CAS Reduces Aussie Shayna Jack’s Ban From Four To Two Years

In March of this year, Australian swimmer Shayna Jack was handed a 4-year ban by the Australian Sports Anti-Doping Authority (ASADA).

Today, November 16th, however, the Court of Arbitration for Sport (CAS) has reduced Jack’s original four-year suspension down to two years after the organization agreed she did not intentionally take the banned substance.

As a refresher on the case, Jack returned home to Australia in the middle of the country’s final preparation camp for the 2019 World Aquatics Championships, at the time saying that her withdrawal was for “personal reasons.” It was later revealed that Jack had tested positive for the banned substance Ligandrol.

Jack has maintained her innocence since her positive test results were brought to light, stating, “I’m not going to stop until I prove my innocence. I’ll fight to get myself back into the pool because that’s my dream.”

At the time of her 4-year suspension result, Jack vowed to fight by appealing to CAS, primarily with the hopes of both clearing her name as well as being able to represent Australia at the 2020 Olympic Games, now postponed to 2021.

In June of this year, we reported how Jack’s CAS date was set but was being kept secret by all parties. “Now the real fight begins. Today I received further notice in relation to my hearing at CAS,” the freestyle ace posted on May 17th, 2020.

Her now-two-year ban has been backdated to July 12, 2019, which represents the date her provisional suspension came into effect. As such, her two-year ban will be lifted in the same month as the postponed Olympic Games, eliminating the possibility of Jack participating in Tokyo.

“On the balance of probability, Shayna Jack did not intentionally ingest Ligandrol and considered that she had discharged her onus of proving that the anti-doping rule violation was not intentional,” CAS stated in its decision.

CAS Ruling on Shayna Jack

On 2 January 2020, Shayna Jack filed a request for arbitration with the CAS Oceania Registry (CAS
first instance). A hearing took place on 25 and 28 September 2020 with participants attending either
in-person or by videoconference, due to the current sanitary restrictions.

The Sole Arbitrator in charge of this matter found, on the balance of probabilities, that Shayna Jack
did not intentionally ingest ligandrol and considered that she had discharged her onus of proving that
the anti-doping rule violation was not intentional.

As a consequence, the Sole Arbitrator imposed a reduced period of ineligibility of two years, commencing on the date of her provisional suspension. This first-instance decision may be challenged before the international CAS by any of the parties involved in this matter, and also by the International Swimming Federation (FINA) and by WADA.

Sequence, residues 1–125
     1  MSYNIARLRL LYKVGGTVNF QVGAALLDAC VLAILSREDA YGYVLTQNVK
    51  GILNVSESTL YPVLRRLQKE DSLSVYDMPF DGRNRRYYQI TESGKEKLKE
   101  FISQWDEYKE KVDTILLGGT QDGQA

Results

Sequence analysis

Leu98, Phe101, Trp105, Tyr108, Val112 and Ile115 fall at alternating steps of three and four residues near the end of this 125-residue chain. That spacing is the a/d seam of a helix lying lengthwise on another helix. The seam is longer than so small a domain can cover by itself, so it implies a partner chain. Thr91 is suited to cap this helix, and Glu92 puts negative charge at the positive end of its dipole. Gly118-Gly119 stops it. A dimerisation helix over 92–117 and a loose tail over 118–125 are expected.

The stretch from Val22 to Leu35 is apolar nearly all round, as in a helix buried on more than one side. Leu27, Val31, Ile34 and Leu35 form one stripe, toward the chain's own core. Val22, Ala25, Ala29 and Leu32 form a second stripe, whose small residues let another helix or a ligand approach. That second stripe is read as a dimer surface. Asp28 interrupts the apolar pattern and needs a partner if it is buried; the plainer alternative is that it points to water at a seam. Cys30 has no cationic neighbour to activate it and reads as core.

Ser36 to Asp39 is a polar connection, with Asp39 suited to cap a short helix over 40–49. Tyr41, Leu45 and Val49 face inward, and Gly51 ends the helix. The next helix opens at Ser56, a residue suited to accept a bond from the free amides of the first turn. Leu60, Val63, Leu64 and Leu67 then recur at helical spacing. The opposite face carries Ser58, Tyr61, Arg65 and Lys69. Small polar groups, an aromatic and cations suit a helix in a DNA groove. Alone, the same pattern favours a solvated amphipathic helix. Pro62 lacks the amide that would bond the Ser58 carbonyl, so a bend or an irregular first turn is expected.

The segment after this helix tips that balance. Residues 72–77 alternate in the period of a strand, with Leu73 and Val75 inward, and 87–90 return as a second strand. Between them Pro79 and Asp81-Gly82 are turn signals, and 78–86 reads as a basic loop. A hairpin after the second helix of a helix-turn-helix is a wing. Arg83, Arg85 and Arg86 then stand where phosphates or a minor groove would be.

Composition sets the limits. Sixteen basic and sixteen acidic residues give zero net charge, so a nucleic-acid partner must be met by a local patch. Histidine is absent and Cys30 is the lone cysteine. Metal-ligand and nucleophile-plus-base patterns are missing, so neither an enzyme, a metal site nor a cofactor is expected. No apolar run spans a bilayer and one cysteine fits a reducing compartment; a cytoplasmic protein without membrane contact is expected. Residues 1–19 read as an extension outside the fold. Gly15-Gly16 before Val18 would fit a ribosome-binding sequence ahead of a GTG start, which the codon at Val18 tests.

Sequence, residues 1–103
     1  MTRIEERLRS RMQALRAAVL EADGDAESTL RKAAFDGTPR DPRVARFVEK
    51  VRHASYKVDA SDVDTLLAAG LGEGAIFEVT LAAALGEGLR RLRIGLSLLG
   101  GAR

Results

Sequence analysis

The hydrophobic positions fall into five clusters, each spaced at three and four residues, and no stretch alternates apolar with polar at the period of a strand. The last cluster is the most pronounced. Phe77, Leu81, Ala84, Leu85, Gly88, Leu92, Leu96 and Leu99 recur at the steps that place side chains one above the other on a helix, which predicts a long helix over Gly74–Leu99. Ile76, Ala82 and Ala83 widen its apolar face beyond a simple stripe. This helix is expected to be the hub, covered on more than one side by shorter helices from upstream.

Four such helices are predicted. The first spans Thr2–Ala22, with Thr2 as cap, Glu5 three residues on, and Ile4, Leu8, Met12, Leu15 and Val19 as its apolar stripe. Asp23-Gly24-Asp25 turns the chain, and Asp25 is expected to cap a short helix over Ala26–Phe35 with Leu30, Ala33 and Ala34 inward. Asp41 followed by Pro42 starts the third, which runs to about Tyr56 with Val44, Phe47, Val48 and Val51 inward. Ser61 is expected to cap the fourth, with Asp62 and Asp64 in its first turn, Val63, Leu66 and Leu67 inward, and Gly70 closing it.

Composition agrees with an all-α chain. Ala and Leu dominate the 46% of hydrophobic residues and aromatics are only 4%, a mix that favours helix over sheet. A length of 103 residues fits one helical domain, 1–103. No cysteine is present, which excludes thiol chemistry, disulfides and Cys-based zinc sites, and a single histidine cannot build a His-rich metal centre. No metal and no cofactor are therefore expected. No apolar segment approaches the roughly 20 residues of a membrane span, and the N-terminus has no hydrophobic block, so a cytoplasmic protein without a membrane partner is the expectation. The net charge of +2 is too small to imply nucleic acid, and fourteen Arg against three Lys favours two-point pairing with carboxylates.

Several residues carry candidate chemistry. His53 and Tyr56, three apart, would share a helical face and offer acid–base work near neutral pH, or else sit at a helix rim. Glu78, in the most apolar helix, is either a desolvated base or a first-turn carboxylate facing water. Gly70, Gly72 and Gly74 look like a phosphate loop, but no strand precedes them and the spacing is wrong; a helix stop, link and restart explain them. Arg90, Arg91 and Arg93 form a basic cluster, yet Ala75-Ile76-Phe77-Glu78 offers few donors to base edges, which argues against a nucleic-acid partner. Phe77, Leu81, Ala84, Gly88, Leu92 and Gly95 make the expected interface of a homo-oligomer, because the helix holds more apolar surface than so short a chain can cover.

Jack herself has taken again to social media today upon the decision.

I•N•N•O•C•E•N•T
The Court of Arbitration for Sport has tonight handed down a decision in my case after a long awaited 17months. The CAS have confirmed in emphatic terms that I did not intentionally, knowingly or recklessly use Ligandrol in any manner.  There was no evidence produced by my accusers as to how this substance entered my system. With the time out of the sport dating back to July 2019, I will be eligible to return to competitive swimming by July 2021.  The anti-doping rules are far from satisfactory and can produce results that are far from fair. In my case, I have proven that I have NOT ever cheated, nor used prohibited substances intentionally or knowingly. I will still incur two years out of the sport in which I love.  I cannot change the rules and the rules will remain as they are for the time being. Therefore, I accept this decision with a positive attitude and with gratitude that my career as a swimmer will resume next year.  I have never doubted myself for a minute throughout this ordeal and I have never allowed my integrity to be compromised.  I walk a little taller tonight with the fact that this ordeal is finally over.  I am returning to swimming – the sport that I have loved all my life and the sport that I will cherish just that little bit more ongoing.  I want to thank everyone that has been in my corner – my family have been my rock and my partner has been a godsend.  My team-mates and supporting public have been a source of strength and I cannot be any more appreciative. I’m going to take some time to reflect and realign my goals and aspirations for the future, now that I finally have a resolution for this case. I look forward to sharing further events in relation to my experience at the appropriate time.